React v18 has finally been released after being talked about since 2021. React v18 brings exciting new features to improve performance and the user experience. The main emphasis of this release was the introduction of concurrent Mode, new hooks, and improvements to React’s strict mode API.
The information in this article is organized based on the table presented by Shruti Kapoor at the Reactathon 2022 conference. It will cover three key features of React v18: automatic batching, transition, and suspense on the server. It will also touch on the concept of concurrency and the new APIs introduced in React DOM Client and Server. Lastly, it will also introduce the new hooks available in React v18, including useId and useTransition.
With the new React version, we have access to features like automatic batching, which combines multiple state updates into a single re-render, transition, which distinguishes between urgent and non-urgent updates, and suspense on the server, which improves performance even for slowly rendered components.
Automatic Batching – Optimizing Performance Through Minimal Re-Rendering
Shruti Kapoor uses the example of grocery shopping to illustrate the concept of ‘automatic batching’ in React. This means making a list of all the items you need for cooking and getting them all in one trip to the grocery store rather than making multiple trips. In React, batching refers to reducing the number of re-renders (trips) that occur when multiple states change.
Previously, state updates that occurred outside of event handlers, such as API calls or promises, were not batched. Still, with React v18, all state updates can be automatically batched, including within promises, setTimeouts, and event callbacks. This results in a significant reduction in the amount of work that React has to perform in the background.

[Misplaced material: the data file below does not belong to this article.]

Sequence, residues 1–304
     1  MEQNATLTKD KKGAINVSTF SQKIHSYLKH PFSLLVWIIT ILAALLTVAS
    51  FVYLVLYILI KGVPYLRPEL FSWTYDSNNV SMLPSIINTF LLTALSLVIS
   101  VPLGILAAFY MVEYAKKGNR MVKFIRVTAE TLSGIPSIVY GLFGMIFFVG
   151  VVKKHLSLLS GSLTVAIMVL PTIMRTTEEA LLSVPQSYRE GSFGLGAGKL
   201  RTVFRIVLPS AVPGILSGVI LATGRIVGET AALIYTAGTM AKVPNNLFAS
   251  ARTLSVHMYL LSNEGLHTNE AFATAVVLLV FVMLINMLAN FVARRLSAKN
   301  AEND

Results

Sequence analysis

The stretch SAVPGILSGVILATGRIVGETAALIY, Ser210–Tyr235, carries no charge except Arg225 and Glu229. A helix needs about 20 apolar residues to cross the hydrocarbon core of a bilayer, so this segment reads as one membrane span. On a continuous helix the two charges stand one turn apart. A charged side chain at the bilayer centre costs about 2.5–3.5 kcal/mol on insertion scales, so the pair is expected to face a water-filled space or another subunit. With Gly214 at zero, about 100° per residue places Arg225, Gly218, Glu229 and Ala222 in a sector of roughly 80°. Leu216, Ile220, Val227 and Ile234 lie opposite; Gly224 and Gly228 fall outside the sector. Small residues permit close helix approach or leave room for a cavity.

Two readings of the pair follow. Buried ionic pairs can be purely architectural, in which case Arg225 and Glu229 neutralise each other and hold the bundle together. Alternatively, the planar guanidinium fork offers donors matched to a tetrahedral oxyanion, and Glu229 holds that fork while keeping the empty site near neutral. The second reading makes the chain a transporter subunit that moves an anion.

Automatic batching is only available if you use createRoot instead of the render method when mounting your app. If you prefer not to use automatic batching, you can opt-out by using flushSync.
Transition – Enhancing User Experience With Delayed Loading
React has a new concept called “transition,” which distinguishes between urgent and non-urgent updates. Transition updates change the UI as a user switches from one view to another in a non-urgent manner, whereas urgent updates are instantaneous answers to direct user interaction (clicking, typing, etc.)
useTransition hook or startTransition method starts the transition, and these are considered low-priority updates. They will be discontinued if more pressing updates, like clicking or pressing keys, happen. In case the user interrupts the transition, for instance, by typing several characters in quick succession, React will only render the most recent update and stale any previous rendering work that was not completed.
Transitions can be used in situations where either rendering is slow, or the network is slow. In the case of slow rendering, React performs a significant amount of work, and marking updates as transitions can help optimize the process. In the case of a slow network, React can wait for data from the network without freezing the UI, improving the user experience.
Suspense on the Server – Leveraging Suspense for Server-side Data Loading
React v18 introduces “suspense on the server,” which enhances the performance and user experience of server-side rendering. Code splitting with suspense, which allows developers to split their components into smaller pieces and load them independently, enables faster initial load times and reduced resource usage on both the server and the client. Streaming rendering on the server sends the initial HTML to the client as soon as it’s available rather than waiting for the entire page to finish rendering. This results in a faster and smoother user experience, as users see the initial content of the page sooner.